Case Study: 3Dfit App for

Aaron TaylorCase Studies Leave a Comment

Many find the experience of purchasing new glasses stressful. Even simply trying on frames can be uncomfortable when done in a public setting. set out to improve the experience by providing customers a way of virtually trying on glasses frames in the comfort of their homes via smartphone or tablet.

glasses logo, promo-01

The app takes a picture of the user’s face, creates a 3D model of facial features, and virtually places selected frames on the user’s 3D image. The user is then free to view the 3D image from a variety of angles.

The application relies on computer vision to recognize the features of a user’s face and then generate an accurate, high-fidelity, 3D model of that face. Virtual frames can then be positioned on the 3D model.

This app is amazing! It takes a 3D video of your face in just a few steps, and the rendering is spot on! RayBan Aviators are always a little big on me, and the app showed them on my face exactly as they fit in the store!


Mission brought our engineers an excellent, fully-functioning version of the application; they simply wanted it accelerated. The app took full advantage of the CPU, which—left unchanged—would necessitate’s purchasing and managing a large amount of hardware. Further, the application was running at a slow thirty seconds per session, resulting in a sub-optimal user experience. Our engineers were tasked with parallelizing the process and reducing the session runtime. has several machines they are using in production. Their main setup consists of a Haswell/Ivy Bridge CPU paired with a GTX 690. The machine is able to run 4 processes concurrently. In the past, used a 32 core Intel process with a couple of K20X. They are still using these machines, but they are not the main configuration. They are also making use of the Amazon EC2 instances in case they exceed internal capacity.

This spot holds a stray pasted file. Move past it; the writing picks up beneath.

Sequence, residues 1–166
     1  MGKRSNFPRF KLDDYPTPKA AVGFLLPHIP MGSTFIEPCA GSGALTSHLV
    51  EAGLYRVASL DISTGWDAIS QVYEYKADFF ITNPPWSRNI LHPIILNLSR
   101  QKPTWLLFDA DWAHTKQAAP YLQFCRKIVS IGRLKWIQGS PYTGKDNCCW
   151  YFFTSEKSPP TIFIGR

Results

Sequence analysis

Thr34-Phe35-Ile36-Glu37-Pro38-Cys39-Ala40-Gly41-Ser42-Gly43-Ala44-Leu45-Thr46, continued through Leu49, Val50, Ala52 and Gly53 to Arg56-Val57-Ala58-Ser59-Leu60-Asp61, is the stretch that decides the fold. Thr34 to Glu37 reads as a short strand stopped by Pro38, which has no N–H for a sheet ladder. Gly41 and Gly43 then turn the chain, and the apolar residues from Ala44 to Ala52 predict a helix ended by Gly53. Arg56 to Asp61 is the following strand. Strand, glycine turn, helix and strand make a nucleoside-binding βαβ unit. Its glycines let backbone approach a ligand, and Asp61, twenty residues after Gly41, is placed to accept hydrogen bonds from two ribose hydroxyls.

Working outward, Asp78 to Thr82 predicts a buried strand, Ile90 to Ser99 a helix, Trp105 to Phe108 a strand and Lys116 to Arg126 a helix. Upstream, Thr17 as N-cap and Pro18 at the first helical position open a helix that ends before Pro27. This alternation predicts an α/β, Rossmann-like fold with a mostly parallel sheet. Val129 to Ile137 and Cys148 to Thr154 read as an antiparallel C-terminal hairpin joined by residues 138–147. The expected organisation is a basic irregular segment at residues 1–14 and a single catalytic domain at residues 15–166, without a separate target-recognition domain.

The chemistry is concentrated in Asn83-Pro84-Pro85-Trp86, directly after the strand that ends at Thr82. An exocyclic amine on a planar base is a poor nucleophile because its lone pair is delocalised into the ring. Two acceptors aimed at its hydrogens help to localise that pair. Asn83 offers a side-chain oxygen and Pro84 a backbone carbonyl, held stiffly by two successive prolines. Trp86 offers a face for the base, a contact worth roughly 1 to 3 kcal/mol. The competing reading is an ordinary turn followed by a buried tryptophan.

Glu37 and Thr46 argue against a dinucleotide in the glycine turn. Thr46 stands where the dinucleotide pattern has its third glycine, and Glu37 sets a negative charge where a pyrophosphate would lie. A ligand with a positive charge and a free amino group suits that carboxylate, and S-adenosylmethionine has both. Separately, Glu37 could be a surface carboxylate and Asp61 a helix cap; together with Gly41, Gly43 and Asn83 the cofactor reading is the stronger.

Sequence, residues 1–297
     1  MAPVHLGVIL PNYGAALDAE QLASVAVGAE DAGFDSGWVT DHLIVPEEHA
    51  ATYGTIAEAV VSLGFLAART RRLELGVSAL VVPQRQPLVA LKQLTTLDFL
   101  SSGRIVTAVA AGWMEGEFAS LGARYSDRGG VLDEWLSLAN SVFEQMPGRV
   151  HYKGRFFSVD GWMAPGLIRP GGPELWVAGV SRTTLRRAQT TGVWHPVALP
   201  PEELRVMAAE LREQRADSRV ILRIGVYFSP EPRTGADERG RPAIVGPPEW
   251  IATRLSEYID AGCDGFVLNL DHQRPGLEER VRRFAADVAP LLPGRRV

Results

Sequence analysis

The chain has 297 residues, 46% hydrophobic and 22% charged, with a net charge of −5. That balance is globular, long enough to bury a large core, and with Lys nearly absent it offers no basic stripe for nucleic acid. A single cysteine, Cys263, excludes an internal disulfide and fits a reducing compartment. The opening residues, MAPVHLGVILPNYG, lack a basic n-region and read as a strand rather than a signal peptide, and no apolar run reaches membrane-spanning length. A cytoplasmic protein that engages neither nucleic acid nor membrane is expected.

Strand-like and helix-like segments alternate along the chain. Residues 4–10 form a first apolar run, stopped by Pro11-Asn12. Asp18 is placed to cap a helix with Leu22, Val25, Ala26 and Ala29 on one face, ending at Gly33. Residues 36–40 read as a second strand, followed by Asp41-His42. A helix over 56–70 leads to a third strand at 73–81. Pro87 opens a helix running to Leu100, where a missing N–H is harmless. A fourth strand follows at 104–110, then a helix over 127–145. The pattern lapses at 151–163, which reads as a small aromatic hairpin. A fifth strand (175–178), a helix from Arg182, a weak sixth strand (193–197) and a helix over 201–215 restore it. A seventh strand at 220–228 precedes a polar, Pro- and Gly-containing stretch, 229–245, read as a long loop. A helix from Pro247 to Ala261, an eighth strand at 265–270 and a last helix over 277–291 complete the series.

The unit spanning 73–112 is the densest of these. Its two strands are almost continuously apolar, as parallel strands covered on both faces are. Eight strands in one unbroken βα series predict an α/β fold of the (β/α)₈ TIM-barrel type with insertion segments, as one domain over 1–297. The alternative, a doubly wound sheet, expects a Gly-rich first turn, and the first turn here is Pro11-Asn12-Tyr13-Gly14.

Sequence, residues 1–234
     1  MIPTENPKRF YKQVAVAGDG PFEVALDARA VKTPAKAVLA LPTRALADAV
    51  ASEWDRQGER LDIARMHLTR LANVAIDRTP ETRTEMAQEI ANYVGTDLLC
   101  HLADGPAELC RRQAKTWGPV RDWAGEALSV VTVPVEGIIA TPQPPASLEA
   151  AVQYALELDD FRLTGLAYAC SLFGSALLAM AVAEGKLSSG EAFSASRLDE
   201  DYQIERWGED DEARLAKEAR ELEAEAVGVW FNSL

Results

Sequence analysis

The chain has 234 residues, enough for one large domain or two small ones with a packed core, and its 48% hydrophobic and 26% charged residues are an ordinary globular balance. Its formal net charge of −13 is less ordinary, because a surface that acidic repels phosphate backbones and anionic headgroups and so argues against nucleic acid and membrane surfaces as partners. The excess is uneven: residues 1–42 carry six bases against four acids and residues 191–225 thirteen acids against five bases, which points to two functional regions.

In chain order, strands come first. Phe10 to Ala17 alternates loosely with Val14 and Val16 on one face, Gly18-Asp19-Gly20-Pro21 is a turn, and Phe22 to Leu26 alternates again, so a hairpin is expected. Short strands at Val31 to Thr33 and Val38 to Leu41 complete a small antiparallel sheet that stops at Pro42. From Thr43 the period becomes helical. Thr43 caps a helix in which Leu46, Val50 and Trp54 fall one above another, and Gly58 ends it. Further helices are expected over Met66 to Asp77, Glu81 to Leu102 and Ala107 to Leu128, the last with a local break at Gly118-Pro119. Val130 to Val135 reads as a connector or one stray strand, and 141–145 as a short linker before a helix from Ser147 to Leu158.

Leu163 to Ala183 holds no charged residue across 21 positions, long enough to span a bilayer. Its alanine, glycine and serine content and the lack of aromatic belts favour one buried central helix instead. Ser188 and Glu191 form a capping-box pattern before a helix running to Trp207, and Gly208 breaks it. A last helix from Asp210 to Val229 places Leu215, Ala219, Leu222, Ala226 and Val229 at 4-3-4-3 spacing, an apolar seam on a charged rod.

We began by analyzing the application and targeting the process which would have the greatest impact on performance.

The most pressing concern was the rendering portion of the code, which was running on the CPU. We implemented rendering in ArrayFire, which is specially optimized for CUDA GPUs. Further, we noticed that while the application was rendering-intensive, much of the rendering did not need to be precise—we could make estimations without compromising quality. This estimated rendering speedup operation was critical to the success of the project.

We discovered further opportunities for speedup within the architecture itself. The original app processed each frame in a separate thread; we accelerated this by combining each operation into a single kernel and running that kernel once. By moving the parallelization to the GPU we effectively took advantage of the strength of that architecture.


glassesdotcom benchmarks

Ultimately, parallelizing the application and incorporating the ArrayFire software library accelerated the application to about ten seconds per session—roughly three times as fast as the original code, and twice as fast as the target speed. We further exceeded expectations by improving general stability when handling errors. 

The improvements in speed, stability, and user experience have resonated with the application’s target market resulting in a 3.5/5 star rating in the Apple Store.

About launched in 2011 as an online retailer of prescription and non-prescription glasses and sunglasses, carrying a wide-range of styles and name brands such as Oakley, Ray-Ban, Kate Spade, Burberry, Maui Jim, and more.

Leave a Reply

Your email address will not be published. Required fields are marked *